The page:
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Author Topic: Electrum: How can it be safe?  (Read 739 times)
QuietOne
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March 25, 2013, 10:38:19 AM
 #1

If in the future there was an easy way to brute force seed phrases, wouldn't your wallet be unsafe sometime in the future?
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DannyHamilton
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March 25, 2013, 10:42:28 AM
 #2

If in the future there was an easy way to brute force seed phrases, wouldn't your wallet be unsafe sometime in the future?

Yes, "if there was an easy way to brute force seed phrases", then your wallet would be unsafe.

Why do you believe that it will be any easier to brute force seed phrases than it is to brute force private keys?

QuietOne
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March 25, 2013, 10:46:38 AM
 #3

If in the future there was an easy way to brute force seed phrases, wouldn't your wallet be unsafe sometime in the future?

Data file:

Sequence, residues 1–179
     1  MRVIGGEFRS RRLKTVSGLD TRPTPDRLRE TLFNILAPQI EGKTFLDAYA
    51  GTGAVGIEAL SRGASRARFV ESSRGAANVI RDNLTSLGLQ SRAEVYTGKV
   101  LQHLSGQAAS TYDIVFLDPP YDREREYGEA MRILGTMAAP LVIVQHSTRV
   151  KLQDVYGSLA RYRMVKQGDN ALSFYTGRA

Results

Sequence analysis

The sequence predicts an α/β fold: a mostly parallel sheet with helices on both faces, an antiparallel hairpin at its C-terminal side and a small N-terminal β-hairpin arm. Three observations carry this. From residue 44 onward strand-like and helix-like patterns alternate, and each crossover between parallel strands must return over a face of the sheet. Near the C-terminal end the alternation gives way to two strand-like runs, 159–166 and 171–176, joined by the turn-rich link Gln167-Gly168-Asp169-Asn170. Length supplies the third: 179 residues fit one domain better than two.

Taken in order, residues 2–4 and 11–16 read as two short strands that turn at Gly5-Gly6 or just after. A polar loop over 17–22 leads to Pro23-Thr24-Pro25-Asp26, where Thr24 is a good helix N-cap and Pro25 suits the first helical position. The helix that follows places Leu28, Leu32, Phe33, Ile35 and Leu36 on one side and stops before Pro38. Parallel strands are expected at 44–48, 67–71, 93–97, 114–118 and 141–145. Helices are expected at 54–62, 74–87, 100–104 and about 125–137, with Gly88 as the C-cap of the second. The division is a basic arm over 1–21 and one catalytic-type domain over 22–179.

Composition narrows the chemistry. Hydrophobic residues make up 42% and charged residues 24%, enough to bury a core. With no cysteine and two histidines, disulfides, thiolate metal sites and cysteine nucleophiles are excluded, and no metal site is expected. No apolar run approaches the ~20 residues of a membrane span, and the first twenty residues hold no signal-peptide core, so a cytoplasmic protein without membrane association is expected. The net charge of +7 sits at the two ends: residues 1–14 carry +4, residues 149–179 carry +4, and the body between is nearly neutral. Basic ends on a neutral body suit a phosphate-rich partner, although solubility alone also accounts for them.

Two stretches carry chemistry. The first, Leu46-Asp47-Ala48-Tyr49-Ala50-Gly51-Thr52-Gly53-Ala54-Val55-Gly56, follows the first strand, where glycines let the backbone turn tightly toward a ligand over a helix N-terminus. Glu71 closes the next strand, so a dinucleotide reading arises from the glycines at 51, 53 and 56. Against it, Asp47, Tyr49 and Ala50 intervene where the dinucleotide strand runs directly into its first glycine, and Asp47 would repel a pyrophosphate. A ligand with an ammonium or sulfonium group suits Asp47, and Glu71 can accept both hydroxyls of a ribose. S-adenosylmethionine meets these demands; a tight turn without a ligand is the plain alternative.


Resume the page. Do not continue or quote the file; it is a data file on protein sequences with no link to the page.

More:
Yes, "if there was an easy way to brute force seed phrases", then your wallet would be unsafe.

Why do you believe that it will be any easier to brute force seed phrases than it is to brute force private keys?
Shorter and composed of actual words, I think.
DannyHamilton
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March 25, 2013, 10:55:17 AM
 #4

Shorter and composed of actual words, I think.

Ah, I just took a quick look at the Electrum website.  You are correct.  The Electrum Seed phrase is generated as 128 random bits.  A private key on the other hand is 256 random bits.  So apparently, once 128 bit keys can be brute-forced, then Electrum passphrases will be brute-forceable as well.  Personally, I'm not concerned about an ability to brute force a random 128 bit passphrase in my lifetime.  I suppose if technology does get close to that, then people with Electrum wallets will need to upgrade and move their coins to a new wallet with higher entropy passphrases.

QuietOne
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March 25, 2013, 11:04:37 AM
 #5